'(i) a condition excluding the use of the vehicle-

(a) for hire or reward, where the vehicle is on the date of the contract of insurance a vehicle not covered by a permit to ply for hire or reward, or...... '

5. There is clearly no merit in the contention sought to be raised by Mr. Harbans Singh, counsel for the taxi driver, that as the use of the taxi without permit was not specifically excluded as per the terms of the schedule to the insurance policy, exhibit R-6, the insurance company must be deemed to be liable. The reference here was to the provision in the policy of insurance that it did not cover : (1) Use for organised racing, pace-making reliability trial or speed testing, or (2) use whilst drawing a trailer except towing (other than reward) of any one disabled mechanically propelled vehicle. The point sought to be canvassed being that the policy of insurance was an all-embracing one covering all risks except those falling within these two exceptions. This is clearly an unwarranted construction of the terms of the policy of insurance. As pointed out earlier, it was specifically provided in this policy that the insured would not be indemnified if the vehicle was used or driven otherwise than in accordance with the schedule and the schedule here contained the specific limitation on the use of a taxi as such without the requisite permit. The Tribunal thus rightly held the insurance company not liable for the payment of any compensation in this case.

6. The other question which arises in this appeal is with regard to the quantum of compensation payable to the claimants. The evidence on record shows that Sadhu Ram, the deceased, was employed as junior analyst in the Food and Supplies Department at Sangrur. His total emoluments were Rs. 438 per month. He died leaving behind his mother, young widow, Savitri Devi, who was only 22 years of age, and two minor children, a daughter aged 4 and a son who was only two years old. All the claimants were dependent upon the deceased. Applying here the principles as laid down by the Full Bench in Lachhman Singh v. Gurmit Kaur [1979] 81 PLR 1, 16 must obviously be taken to be the appropriate multiplier. The dependency deserves to be fixed at Rs. 3,000 per annum. So computed, the compensation payable would work out to Rs. 48,000 which may be rounded off to Rs. 50,000.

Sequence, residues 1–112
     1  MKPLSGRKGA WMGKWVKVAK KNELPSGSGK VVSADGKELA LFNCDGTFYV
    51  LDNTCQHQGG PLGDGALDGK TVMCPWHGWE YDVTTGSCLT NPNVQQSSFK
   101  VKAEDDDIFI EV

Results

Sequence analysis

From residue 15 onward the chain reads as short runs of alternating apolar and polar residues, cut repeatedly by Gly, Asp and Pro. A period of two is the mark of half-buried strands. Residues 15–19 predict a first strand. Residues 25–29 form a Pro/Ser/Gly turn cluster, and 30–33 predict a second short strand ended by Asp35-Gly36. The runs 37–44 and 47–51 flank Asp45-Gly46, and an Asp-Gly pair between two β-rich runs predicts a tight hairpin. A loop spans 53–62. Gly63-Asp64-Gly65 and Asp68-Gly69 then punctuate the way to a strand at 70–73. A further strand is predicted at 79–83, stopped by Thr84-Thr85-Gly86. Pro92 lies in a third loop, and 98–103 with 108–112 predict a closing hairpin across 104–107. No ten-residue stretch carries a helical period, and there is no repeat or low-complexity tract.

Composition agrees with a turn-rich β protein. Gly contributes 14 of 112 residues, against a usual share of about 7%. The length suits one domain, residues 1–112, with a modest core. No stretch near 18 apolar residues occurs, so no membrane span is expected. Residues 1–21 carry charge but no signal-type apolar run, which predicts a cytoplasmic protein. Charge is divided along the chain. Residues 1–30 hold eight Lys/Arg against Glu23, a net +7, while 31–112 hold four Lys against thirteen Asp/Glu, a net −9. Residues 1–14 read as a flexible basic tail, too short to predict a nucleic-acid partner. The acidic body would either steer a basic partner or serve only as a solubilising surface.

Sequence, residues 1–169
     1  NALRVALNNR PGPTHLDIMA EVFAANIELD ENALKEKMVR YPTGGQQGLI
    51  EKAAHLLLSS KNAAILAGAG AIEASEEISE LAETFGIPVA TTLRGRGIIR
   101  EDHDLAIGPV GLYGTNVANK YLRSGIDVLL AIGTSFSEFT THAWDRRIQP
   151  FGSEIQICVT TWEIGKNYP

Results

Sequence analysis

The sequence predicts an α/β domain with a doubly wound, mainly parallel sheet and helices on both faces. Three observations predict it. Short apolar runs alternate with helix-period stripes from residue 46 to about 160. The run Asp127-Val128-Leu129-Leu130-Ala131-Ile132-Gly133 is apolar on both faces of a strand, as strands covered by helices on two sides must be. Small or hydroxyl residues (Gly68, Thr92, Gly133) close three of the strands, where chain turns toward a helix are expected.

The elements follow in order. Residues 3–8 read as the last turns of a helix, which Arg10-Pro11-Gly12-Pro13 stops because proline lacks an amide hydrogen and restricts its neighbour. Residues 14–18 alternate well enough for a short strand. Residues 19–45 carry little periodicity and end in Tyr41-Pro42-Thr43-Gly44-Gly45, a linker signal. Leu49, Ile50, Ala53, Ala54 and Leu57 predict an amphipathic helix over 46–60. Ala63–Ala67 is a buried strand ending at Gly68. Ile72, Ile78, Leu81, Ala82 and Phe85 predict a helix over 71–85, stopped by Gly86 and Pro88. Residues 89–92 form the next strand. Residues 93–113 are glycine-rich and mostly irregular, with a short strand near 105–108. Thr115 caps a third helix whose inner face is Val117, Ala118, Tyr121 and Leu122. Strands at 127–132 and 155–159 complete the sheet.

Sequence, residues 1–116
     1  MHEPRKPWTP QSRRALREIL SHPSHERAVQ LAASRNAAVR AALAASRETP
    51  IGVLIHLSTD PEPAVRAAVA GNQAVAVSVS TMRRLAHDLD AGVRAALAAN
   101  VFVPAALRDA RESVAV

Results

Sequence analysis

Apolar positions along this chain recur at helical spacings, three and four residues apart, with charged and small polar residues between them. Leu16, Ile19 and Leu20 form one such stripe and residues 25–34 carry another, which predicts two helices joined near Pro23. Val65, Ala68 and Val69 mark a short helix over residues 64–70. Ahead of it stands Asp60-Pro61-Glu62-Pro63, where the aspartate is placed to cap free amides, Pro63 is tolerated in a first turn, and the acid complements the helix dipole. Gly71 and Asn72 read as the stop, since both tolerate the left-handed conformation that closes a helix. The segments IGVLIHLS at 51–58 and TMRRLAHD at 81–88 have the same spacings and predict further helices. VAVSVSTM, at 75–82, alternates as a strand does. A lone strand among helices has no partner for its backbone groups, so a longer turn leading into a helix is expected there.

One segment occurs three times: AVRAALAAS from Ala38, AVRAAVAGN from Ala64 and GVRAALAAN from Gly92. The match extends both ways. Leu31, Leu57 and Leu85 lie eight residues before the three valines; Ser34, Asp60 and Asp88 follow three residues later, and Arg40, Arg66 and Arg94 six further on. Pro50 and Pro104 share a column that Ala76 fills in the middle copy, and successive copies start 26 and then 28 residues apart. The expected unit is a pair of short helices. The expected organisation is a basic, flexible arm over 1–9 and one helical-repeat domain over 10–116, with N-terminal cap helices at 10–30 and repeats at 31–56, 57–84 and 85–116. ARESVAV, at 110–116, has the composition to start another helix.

7. The compensation payable to the claimants is accordingly hereby enhanced to Rs. 50,000 which the claimants shall be entitled to along with interest at the rate of 12 per cent. per annum from the date of the application to the date of payment of the amount awarded. Out of the amount awarded, a sum of Rs. 10,000 each shall be payable to the mother, daughter and son of the deceased and the balance to his widow. The amount payable to the minor claimants shall be paid to them in such manner as the Tribunal may deem to be in their best interest.

8. In the result, the cross-objections filed by the claimants are hereby accepted while the appeal is dismissed with costs. Counsel's fee Rs. 300.